A pull request (sometimes called merge requests), is a review request. You are asking someone to check the changes on a branch before merging into another branch.
Creating a pull request
If connected to a remote on GitHub, GitLab, Bitbucket, or Visual Studio Team Services, create pull requests by dragging and dropping one branch to another and selecting Start a pull request.
Alternatively, try right-clicking the target branch and selecting Start a pull request.
Or click the in the pull requests section on the left panel, and select the repo and branch to create the pull request.
Pull request templates
GitKraken supports pull request templates from your GitHub, GitLab, and Azure DevOps (including legacy VSTS URLs).
Once your pull request templates are commited to your remote, the template field will appear when you create a pull request in GitKraken:
If this is your first time working with pull request templates, consider reviewing the following instructions for GitHub, GitLab, or Azure DevOps pull request templates.
Assignee, Labels, and Reviewers
Some integrations will allow you to also add a pull request assignee and label(s) to your pull request. GitKraken will then pass these values onto your remote service when the pull request is created.
Note - When creating pull request, GitKraken will now detect whether your source branch has conflicts with the target branch in the pull request modal.
Depending on the integration, you may also add reviewers and multiple assignees to a pull request.
Note: Because pull requests occur in the remote, first push your branch before creating the request.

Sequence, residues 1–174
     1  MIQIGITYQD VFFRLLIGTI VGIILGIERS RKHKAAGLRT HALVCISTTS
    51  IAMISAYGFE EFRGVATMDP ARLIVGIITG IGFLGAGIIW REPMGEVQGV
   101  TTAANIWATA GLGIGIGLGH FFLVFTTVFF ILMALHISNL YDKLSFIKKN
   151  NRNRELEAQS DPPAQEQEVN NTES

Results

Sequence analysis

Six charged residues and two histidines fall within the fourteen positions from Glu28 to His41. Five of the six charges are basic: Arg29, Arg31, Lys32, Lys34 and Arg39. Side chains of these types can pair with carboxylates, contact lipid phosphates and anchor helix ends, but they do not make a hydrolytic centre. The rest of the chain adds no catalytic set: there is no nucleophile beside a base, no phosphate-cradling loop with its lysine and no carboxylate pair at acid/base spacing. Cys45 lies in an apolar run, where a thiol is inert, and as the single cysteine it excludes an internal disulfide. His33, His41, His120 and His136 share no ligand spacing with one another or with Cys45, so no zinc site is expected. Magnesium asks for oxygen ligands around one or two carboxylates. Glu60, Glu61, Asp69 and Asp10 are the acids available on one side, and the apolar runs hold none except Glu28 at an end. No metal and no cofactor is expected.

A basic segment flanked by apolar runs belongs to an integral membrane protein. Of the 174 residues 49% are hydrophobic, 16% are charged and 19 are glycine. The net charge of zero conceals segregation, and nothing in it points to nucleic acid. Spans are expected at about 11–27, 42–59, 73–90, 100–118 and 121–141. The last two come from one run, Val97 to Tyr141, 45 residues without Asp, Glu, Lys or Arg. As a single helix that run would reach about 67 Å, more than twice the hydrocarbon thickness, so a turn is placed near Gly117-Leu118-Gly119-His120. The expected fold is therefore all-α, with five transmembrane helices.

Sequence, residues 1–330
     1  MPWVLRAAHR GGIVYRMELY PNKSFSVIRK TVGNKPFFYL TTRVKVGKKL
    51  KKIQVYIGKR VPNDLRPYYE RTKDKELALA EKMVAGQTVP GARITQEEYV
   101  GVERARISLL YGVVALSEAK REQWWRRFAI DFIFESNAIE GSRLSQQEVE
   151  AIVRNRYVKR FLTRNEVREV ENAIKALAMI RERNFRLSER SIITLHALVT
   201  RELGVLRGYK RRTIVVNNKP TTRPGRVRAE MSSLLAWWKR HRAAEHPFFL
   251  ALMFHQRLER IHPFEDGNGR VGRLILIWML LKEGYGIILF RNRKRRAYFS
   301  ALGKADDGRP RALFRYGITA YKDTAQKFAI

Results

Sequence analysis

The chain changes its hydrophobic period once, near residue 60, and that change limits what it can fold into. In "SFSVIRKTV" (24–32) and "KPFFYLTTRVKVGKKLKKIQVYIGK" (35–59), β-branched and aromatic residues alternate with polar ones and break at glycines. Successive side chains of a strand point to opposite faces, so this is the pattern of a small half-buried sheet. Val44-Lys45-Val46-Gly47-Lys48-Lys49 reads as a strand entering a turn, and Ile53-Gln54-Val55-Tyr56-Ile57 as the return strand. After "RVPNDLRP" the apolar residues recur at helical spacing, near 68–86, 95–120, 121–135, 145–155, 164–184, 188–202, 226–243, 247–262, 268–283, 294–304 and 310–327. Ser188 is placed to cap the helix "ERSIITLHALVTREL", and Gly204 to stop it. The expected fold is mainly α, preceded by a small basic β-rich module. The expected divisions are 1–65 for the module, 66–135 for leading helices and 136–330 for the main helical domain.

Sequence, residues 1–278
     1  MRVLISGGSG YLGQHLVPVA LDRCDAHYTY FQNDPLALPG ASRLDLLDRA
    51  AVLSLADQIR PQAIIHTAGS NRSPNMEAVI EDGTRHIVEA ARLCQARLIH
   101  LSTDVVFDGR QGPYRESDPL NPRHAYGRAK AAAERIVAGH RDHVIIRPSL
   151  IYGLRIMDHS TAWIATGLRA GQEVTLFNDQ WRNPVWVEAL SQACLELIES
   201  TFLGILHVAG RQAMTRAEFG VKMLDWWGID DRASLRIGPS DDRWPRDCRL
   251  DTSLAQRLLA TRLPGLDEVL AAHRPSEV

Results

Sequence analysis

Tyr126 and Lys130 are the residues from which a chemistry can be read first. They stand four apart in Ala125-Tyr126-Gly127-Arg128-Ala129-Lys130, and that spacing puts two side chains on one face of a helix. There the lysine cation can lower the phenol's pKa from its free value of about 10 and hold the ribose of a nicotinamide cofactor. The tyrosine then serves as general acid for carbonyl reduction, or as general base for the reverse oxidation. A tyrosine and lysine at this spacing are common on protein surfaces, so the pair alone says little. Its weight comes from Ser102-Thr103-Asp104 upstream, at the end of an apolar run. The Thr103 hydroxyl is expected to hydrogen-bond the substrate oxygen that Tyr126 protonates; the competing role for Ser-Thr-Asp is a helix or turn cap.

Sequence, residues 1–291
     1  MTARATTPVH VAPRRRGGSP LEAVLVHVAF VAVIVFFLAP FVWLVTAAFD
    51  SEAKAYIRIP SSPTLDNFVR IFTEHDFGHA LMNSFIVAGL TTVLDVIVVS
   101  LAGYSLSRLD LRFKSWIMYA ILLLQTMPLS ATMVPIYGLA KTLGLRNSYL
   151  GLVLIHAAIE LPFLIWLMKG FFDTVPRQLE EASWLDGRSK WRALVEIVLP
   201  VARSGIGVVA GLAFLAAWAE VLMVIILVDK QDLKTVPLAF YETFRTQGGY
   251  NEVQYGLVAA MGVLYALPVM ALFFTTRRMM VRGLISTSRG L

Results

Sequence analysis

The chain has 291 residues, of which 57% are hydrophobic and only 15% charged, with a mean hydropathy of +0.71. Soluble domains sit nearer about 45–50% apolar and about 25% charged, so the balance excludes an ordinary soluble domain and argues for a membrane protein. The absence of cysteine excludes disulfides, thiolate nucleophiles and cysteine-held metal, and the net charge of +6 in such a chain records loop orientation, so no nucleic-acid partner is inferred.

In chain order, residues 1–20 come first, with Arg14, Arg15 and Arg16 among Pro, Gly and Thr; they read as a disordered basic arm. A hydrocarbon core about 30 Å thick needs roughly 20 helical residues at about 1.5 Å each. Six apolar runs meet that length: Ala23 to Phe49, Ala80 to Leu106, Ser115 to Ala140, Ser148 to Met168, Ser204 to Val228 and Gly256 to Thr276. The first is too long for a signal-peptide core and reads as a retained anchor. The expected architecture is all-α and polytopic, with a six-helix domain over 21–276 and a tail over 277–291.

Draft Pull Requests
If connected to the GitHub Integration, you may create a draft pull request by checking this box when creating a pull request in GitKraken.
As the name implies, this will create a "draft" pull request in GitHub. However please note that not all GitHub free or paid plans support the draft feature. Please check your GitHub plan if you do not see this option.
GitKraken Boards Cards
Associate your GitKraken Boards issues with pull requests by simply searching for the card name in the GitKraken Boards card section when creating a pull request.
Cards across all of your GitKraken Boards will be searched. Associate as many cards as you'd like to a pull request!
GitKraken passes the card information onto your remote service when the pull request is created. The pull request description will include a link to said card details.
On your GitKraken Board, information of the pull request will automatically populate under Pull Request in the cards' detail panel.
After setting up GitHub pull request integration in your GitKraken Board, you can trigger an automatic change to progress your card to a new column the moment your PR status changes. Goodbye, context-switching!
GitHub pull request view
GitHub.com users may utilize the pull request view for GitHub pull requests.
To enable this feature, first set up the GitHub integration. Then with a GitHub repo open inside of GitKraken, select a pull request in the left panel to bring up the pull request view.